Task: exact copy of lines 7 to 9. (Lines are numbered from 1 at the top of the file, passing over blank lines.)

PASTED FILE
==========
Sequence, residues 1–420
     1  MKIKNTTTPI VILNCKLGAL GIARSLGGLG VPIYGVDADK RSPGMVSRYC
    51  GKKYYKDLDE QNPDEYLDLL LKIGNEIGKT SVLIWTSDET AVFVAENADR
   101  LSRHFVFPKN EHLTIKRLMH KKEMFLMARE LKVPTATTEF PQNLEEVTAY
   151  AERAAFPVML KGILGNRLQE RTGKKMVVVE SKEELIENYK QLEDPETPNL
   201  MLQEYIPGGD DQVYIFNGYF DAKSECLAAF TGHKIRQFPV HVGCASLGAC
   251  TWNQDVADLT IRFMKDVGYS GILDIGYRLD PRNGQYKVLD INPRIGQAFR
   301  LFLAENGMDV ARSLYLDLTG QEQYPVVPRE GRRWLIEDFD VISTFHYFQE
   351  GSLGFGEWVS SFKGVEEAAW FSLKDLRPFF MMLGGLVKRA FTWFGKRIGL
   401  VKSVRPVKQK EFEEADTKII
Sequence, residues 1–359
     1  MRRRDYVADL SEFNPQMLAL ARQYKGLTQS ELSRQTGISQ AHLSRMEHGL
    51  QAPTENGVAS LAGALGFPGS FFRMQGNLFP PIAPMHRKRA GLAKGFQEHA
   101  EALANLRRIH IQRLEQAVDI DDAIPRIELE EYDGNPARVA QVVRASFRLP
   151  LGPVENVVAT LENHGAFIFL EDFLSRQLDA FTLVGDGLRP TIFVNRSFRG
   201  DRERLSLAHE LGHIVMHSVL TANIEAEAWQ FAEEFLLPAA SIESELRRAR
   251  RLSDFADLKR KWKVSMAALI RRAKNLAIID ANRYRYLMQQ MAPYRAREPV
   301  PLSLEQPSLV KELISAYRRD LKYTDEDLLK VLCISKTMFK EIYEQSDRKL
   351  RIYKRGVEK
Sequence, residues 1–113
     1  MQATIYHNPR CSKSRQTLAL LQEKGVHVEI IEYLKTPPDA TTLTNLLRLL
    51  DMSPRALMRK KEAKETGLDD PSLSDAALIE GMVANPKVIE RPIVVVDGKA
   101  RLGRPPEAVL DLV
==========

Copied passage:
   251  TWNQDVADLT IRFMKDVGYS GILDIGYRLD PRNGQYKVLD INPRIGQAFR
   301  LFLAENGMDV ARSLYLDLTG QEQYPVVPRE GRRWLIEDFD VISTFHYFQE
   351  GSLGFGEWVS SFKGVEEAAW FSLKDLRPFF MMLGGLVKRA FTWFGKRIGL